Running out of chips, automakers are cutting global production

Running out of chips, automakers are cutting global production

Running out of chips

Toyota will cut production by 40% in September, followed by Volkswagen. The global auto industry will produce 4 million fewer vehicles than expected this year

Chip (Magnus Engo / Unsplash) The auto industry remains worried about the global shortage of chips and even the largest manufacturers launch a alert on the coming months. This is the case of Toyota, the largest company in the world, which has announced that it will cut production by 40% in September, probably followed by Volkswagen, the second company on the global stage. This means that the Japanese company will have to reduce the expected numbers from 900,000 cars to 540,000 next month, while the German company speculates a further slowdown after an initial impact already felt in February.

Toyota had so far managed to compensate for the famine of chips thanks to a revitalized business continuity plan shortly after the Fukushima earthquake ten years ago, then thanks to more chips in stock. This has avoided production cuts so far, except for a longer summer closure of plants in France, the Czech Republic and Turkey. Following the latest announcement, the builder's shares on Wall Street fell 4% on Thursday, August 20.

A general decline

The global auto industry will produce 4 million fewer vehicles than expected this year, losing about $ 110 billion in sales, according to an estimate reported by the Washington Post in early August. The current upsurge is partly due to a return of cases from Covid-19 in Asia and is affecting industrial plants almost everywhere, from North America to Europe and the East. To overcome the uncertainty of the chip supply chain, characterized by volatility and bottlenecks, US President Joe Biden has pledged to finance an infrastructure plan for the sector with 37 billion dollars. A single semiconductor factory can cost up to 10 billion for specialized machinery, an expense that few companies are willing to bear.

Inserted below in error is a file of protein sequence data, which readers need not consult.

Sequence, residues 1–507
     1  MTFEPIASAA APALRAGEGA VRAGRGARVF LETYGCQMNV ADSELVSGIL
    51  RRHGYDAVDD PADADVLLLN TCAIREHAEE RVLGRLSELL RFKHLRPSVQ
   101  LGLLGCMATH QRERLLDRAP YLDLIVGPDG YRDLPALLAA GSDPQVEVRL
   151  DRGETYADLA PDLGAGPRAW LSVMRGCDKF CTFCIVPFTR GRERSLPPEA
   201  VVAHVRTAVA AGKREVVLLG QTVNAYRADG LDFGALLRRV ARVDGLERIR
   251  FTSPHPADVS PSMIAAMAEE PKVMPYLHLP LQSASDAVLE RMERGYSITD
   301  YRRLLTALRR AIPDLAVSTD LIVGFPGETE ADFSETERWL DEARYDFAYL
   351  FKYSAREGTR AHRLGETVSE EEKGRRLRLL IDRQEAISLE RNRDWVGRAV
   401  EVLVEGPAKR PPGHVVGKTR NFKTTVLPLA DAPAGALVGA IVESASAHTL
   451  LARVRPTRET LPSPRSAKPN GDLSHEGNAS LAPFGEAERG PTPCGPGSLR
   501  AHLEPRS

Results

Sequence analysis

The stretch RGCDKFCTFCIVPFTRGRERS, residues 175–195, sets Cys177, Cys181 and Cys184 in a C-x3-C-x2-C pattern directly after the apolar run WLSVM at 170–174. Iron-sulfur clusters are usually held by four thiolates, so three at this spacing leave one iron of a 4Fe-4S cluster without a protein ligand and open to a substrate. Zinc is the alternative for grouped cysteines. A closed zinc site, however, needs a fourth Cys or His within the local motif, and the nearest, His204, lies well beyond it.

Especially since the fog is still thick on the future of the sector, on which the needs also depend electronics and household appliances and which has put a strain on the automotive supply chain. Even second-hand car prices rose 14% in the UK and 40% in the US, the Guardian reports. Carlos Tavares, CEO of Stellantis, has predicted that the chip crisis will easily come to 2022. It is complicated to use different semiconductors: reengineering a model takes 18 months. The manager explained that in the meantime priority will be given to vehicles that generate the most profit, but also that the company could accelerate the 30 billion euro electrification plan by increasing production capacity.

The other stops

The chip shortage also affects Ford, which will suspend production of the bestselling F-150 pickup next Monday for a week, while General Motors has shut down three truck plants in North America for a week. In July, BMW shut down its plants in Germany, Austria and the United Kingdom. Tesla had to reprogram the software to optimize the use of the chips and had to choose whether to produce Powerwall accumulators or car batteries. Nissan closed for two weeks in Tennessee due to an outbreak at a supplier plant in Malaysia. In a network that highlights how the scenario is interconnected and interdependent, the shares of BMW, Daimler, Renault, Volkswagen and Stellantis have suffered drops in the stock market by up to 2%.

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